First, an Aside
I’m about to begin an in-depth analysis of Taylor’s erotic dream about sailing that I posted two days ago (see my post immediately below). But first, I wanted to give you a heads-up regarding a radio interview about dreams that I’m doing on Wednesday, 1/27 at noon. Click on the “Events” page for details.
Dissecting Taylor’s Dream
The first step for any dreamer in interpreting a dream is to separate yourself emotionally from the dream’s events. Important dreams try to stay in the dreamer’s awareness after she/he wakes up. So dreams use vivid—often disturbing—imagery. In Taylor’s case, he found himself in a sexual dance with a stranger. He knew that she had a sailboat, that she was married, and that her husband was nearby. In “real life” Taylor is, himself, happily married, so this dream was upsetting to him.
One of the best ways to divorce yourself from the emotional impact of a dream—especially if it depicts unsavory activity with another person—is to remember that all the characters in a dream are aspects of your own psyche. If you see something distasteful in your dream, it is almost certainly a depiction of a struggle going on within yourself. In Taylor’s case, he found himself starting to “join together” with a feminine part of himself. But there was an element of illicit activity; he felt that he was overstepping a line.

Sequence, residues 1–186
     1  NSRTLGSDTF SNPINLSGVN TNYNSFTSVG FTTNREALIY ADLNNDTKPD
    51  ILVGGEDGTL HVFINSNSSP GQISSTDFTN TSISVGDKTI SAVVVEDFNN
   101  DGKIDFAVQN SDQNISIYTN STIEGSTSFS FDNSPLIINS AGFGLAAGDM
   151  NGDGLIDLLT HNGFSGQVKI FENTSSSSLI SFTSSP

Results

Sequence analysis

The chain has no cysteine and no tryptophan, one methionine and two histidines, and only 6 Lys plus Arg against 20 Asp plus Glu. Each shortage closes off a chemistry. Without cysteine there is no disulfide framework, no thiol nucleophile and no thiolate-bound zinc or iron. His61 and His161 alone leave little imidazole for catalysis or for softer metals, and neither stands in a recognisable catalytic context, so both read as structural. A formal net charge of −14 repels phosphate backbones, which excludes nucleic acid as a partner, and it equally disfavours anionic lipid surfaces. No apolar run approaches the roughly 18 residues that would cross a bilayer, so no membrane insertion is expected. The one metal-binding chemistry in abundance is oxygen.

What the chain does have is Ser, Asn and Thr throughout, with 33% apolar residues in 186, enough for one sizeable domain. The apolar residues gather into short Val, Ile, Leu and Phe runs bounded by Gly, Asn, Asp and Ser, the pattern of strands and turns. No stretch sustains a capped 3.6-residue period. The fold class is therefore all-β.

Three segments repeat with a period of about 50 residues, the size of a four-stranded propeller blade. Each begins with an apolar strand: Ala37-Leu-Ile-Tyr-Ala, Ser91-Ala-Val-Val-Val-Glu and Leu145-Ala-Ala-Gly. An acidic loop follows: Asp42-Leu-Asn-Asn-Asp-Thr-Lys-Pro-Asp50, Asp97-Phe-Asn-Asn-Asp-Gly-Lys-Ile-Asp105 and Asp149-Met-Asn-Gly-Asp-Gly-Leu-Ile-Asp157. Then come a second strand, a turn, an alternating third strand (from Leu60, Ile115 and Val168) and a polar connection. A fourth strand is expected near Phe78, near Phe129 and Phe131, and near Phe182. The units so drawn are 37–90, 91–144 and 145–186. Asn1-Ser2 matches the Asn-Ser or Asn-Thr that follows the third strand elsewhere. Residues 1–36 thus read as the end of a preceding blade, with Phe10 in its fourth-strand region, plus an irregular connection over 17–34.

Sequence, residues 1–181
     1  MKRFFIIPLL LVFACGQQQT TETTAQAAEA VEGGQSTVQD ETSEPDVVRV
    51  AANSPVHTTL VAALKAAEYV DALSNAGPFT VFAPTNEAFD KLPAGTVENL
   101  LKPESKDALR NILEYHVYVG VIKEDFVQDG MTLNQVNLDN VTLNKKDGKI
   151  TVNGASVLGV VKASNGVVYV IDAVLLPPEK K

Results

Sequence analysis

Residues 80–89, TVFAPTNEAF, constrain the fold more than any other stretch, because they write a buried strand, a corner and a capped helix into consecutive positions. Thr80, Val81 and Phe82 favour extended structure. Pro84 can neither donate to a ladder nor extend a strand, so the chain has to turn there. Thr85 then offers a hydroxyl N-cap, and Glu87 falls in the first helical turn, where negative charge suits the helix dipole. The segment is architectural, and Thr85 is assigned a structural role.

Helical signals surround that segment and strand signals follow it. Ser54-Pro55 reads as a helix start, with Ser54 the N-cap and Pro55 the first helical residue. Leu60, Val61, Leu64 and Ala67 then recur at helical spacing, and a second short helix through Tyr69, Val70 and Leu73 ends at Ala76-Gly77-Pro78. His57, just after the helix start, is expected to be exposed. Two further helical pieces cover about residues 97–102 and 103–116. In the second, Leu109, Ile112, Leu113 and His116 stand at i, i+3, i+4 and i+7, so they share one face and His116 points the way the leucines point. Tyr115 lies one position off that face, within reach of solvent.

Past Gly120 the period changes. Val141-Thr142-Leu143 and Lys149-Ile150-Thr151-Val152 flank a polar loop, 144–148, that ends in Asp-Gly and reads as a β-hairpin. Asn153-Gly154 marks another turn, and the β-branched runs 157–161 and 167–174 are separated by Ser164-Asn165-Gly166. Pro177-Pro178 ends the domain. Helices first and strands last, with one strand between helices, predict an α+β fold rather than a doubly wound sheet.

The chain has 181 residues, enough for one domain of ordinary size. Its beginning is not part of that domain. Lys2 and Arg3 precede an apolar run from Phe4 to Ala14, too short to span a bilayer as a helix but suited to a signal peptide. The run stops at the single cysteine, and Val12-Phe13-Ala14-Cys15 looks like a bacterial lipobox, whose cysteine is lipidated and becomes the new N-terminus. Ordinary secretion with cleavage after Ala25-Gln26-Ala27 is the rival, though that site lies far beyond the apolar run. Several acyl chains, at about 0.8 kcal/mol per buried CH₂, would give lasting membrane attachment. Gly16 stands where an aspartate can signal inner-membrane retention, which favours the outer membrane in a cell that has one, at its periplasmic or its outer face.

Masculine and Feminine in Dreams
In our psyches, we are all made up of masculine and feminine energy in varying degrees. The feminine is the intuitive part of us. It receives the ideas, motivations and inspirational nudges that come to us. The feminine creates the plan that we use to pursue a course of action or follow through on an impulse.
The masculine part of us is the doer and achiever. This part of us takes the idea—inspiration—that feminine has come up with and sets the plan into motion. It’s as if the feminine hands the masculine a blueprint it has created. It’s then masculine’s job to build the structure—physical or otherwise—that feminine has designed.
In Taylor’s dream, where he finds himself almost coupling with a female, the implication is that there is an idea that wants to be “born.” The main purpose of sexual intercourse is to create children. Metaphorically, our children can be our plans, ideas or actions. We even have an expression that makes use of this metaphor: It was his brainchild.
But It Didn’t Feel Quite Right
In Taylor’s case, there was an element of sneakiness and being unfaithful. Sometimes in dreams, that can be a good thing. But with Taylor, it was different. We’ll find out why in my next post. And we’ll explore all that symbolism about the sun and the sailboat.
If you have questions, comments or insights, I’d love to hear from you; I will definitely reply. In any case, stay tuned, there’s more good stuff to come!
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